There’s a buzz around the new Beast animation studio in Mechelen. Partly it’s the sound of power tools putting the finishing touches to the building, partly it’s the hum of activity that goes along with stop-motion animation, the beast speciality.

Text: Ian Mundell

Beast animation‘If we go into 3D animation studios we see a lot of people sitting in front of computers with their headphones on, not talking to each other,’ says Ben Tesseur, one of Beast’s two founders. ‘All you hear is click-click-click and the computers whirring.’

In contrast, the people working at Beast chat away and listen to music as they adjust lighting rigs, dress sets and manipulate puppets. ‘The atmosphere on a stop-motion set is similar to live-action shooting,’ Tesseur says, ‘but without the screaming. It’s more or less the same madness, but a bit slower.’

There’s also a certain amount of tension, because a stopmotion sequence has to run through in one take, just like live-action filming. ‘We start a shot and we finish it 10 or 12 hours later,’ explains Steven De Beul, Beast’s other founder. ‘It has to be good from the first, and if not you lose a day. In 2D and 3D animation you can go back and change things.’

Panic

De Beul and Tesseur set up Beast Animation in 2004, providing animation and directing services in their Brussels studio as well as facilities for hire. They decided to specialise in stop-motion animation, but not to limit themselves to one style. They have animated puppets, cut-outs and people, as well as bringing everyday objects to life in films, commercials and other visual products. ‘We try to do everything possible with stop-motion animation. We go for diversity,’ says De Beul.

After a while they were also drawn into production, first with some Lotto commercials and then as co-producers of the feature film A Town Called Panic, which they also helped make. ‘It was the first Belgian stop-motion feature made in 60 years,’ says De Beul, ‘so for us this was a once-in-alifetime opportunity to be that close to a feature film project.’ De Beul worked as director of animation on the film and Tesseur was first assistant director. Production duties were handled by a third member of the team, Pilar Torres Villodre. She decided to leave the company at the beginning of 2011, so now Tesseur and De Beul are handling the production side themselves. ‘It’s not really a distraction from filming, but we have less time to be really creative.’ says De Beul. ‘That’s why we love animating, preparing sets and discussing light. As well as producing something we want to be creative on the set.’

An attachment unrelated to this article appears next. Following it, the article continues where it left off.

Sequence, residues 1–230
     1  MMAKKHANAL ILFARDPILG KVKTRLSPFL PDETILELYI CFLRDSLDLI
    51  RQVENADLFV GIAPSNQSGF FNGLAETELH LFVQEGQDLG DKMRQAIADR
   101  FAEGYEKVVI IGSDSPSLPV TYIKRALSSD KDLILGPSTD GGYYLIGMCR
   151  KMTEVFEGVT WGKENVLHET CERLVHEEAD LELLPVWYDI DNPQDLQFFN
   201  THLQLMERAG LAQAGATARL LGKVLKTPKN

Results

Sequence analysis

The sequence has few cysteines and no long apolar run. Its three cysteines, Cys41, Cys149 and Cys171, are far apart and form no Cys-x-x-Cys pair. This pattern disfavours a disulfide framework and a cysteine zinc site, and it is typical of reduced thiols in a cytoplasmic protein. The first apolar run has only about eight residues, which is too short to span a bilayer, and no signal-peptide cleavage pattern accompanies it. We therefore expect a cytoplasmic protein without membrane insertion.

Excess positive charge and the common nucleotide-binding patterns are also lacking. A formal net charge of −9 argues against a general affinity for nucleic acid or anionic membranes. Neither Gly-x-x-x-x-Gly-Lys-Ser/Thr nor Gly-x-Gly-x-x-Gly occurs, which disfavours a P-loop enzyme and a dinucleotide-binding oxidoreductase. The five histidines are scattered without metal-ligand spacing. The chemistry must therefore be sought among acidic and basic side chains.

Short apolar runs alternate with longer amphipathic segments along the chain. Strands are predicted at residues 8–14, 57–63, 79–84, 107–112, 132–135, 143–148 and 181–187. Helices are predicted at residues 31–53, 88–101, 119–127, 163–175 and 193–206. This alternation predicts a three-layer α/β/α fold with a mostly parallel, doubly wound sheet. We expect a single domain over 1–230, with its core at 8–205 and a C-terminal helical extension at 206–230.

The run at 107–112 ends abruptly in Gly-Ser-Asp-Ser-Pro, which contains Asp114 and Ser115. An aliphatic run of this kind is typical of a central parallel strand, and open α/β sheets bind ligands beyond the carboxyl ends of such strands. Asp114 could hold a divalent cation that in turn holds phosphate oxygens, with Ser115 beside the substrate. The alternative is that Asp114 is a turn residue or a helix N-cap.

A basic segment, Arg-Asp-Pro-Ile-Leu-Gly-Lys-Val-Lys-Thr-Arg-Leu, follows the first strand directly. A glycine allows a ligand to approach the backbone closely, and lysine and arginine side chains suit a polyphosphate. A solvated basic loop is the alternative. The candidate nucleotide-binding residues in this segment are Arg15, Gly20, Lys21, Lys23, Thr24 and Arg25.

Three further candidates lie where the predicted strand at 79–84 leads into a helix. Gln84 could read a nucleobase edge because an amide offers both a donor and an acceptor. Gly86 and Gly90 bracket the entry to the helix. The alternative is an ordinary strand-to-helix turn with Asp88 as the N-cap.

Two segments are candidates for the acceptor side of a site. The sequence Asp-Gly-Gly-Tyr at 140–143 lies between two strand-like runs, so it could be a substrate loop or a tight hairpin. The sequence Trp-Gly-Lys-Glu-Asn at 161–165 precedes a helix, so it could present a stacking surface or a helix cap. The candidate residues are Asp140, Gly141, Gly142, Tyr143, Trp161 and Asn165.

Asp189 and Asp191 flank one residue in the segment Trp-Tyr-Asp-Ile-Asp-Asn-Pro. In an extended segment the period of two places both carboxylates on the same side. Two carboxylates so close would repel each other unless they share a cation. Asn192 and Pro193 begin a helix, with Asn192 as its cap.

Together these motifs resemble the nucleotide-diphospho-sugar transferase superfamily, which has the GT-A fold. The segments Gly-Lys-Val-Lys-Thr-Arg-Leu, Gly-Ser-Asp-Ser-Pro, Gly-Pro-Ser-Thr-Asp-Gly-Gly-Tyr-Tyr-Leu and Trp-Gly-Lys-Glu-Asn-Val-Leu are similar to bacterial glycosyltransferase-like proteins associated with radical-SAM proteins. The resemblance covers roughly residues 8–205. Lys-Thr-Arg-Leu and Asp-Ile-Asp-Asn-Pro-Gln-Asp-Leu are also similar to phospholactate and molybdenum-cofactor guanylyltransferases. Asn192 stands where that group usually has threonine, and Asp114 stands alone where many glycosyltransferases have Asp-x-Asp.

Creative appeal

Moving to new premises in Mechelen, a medium-sized town between Brussels and Antwerp, gives Beast a more adaptable and presentable work-space. Alongside the studio there is a workshop for building sets and offices for the production side of the business. ‘We are happier in this building,’ says Tesseur. ‘There is more light, the space is different – it’s bigger and the ceilings are higher – and we can divide the shooting studio up according to the production we have in-house.’

The present buzz on the studio floor is down to Oh Willy, a short film being made by Emma De Swaef and Marc James Roels, which tells the story of a large man lost in a world of cotton wool and fabrics. Beast is producing the film, along with Vivement Lundi and Polaris in France and Il Luster in the Netherlands. Meanwhile Tesseur and De Beul have just finished working on a commercial for a scheme which promotes environmentally sustainable forestry, the Programme for the Endorsement of Forest Certification (PEFC). The spot commissioned by Mc Cann Lowe involves paper cut-outs of trees rising and falling out of a page, the animation producing a tactile atmosphere that appealed to the client.

Creative appeal is always an important factor when Beast decides which projects to take on. Sometimes the challenge will trump the lack of budget, as it did when they were asked to animate a series of dead animals for French director Bertrand Mandico’s La Resurrection des natures mortes (The Resurrection of Still Lives). ‘It was so weird,’ says Tesseur, ‘but it was a crazy experience and it’s a nice thing for us to put on our show reel, and the film will be shown at the Venice Film Festival.’

Published on Thursday 28 July 2011

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